BP oil spill: Cleanup battle rages on in waters of Gulf of Mexico
May 14, 2010 -- In the ongoing fight to contain the oil gushing from the broken well pipe in the waters of the Gulf of Mexico, BP engineers early this morning used undersea robots to begin threading a 6-inch tube into the 21-inch broken riser pipe.
• Underwater robots attempt to thread siphoning tube into pipe to contain leak
May 14, 2010 -- In the ongoing fight to contain the oil gushing from the broken well pipe in the waters of the Gulf of Mexico, BP engineers early this morning used undersea robots to begin threading a 6-inch tube into the 21-inch broken riser pipe. The goal is to siphon oil up to tanker at the surface. Crews will continue to work on the siphoning tube throughout the day and expect to have results by this evening.
Meanwhile, preparations for deployment of the 'top hat' containment dome are still underway. The unit was lowered to the sea floor this week and will be positioned over the riser pipe by undersea robots. It is expected to be operational this weekend.
This will be the second attempt to cap the pipe. The first and larger containment box was unsuccessful, becoming clogged with slushy hydrates formed in the icy water 5,000 feet down.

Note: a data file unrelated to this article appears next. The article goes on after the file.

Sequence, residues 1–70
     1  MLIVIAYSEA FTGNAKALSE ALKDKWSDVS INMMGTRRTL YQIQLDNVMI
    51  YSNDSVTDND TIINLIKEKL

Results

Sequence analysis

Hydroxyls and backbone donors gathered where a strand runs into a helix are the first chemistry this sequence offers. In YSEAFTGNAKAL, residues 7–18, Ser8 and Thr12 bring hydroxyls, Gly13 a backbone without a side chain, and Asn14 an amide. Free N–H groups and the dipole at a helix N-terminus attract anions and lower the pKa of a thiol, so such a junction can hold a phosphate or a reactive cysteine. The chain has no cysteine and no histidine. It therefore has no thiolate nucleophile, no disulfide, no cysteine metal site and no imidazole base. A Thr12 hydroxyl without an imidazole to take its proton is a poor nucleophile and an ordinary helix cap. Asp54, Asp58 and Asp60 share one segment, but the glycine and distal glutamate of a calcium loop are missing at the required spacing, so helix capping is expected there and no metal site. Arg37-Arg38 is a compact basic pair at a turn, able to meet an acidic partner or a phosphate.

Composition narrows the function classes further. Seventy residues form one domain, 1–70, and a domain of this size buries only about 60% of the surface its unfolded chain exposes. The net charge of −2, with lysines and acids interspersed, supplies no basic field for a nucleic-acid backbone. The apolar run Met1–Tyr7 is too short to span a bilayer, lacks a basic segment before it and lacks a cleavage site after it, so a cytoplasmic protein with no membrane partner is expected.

Scientists and environmentalists have begun to seriously question the 5,000-barrels-per-day figure that has been quoted by BP, government agencies, and the media since the early days of the disaster. With the release of raw, underwater video yesterday showing oil and gas erupting from the broken pipe, some experts believe the actual amount could be four or five times that number. Analysis released by NPR puts the figure at closer to 70,000 barrels per day. The New York Times cited calculations from a UC Berkeley professor who estimated the flow between 20,000 and 100,000 barrels per day.
Yesterday, the Coast Guard issued a statement saying that the oil is not an imminent threat to Alabama, Louisiana and Florida shorelines. The agency points to favorable weather conditions as well as response efforts, including oil skimming, absorbent booms, containment booms, and application of dispersants.
The Associated Press cited information from Hans Graber, director of the University of Miami's Center for Southeastern Tropical Advanced Remote Sensing, that the spill is now about 3,650 square miles, or the size of Delaware and Rhode Island combined.
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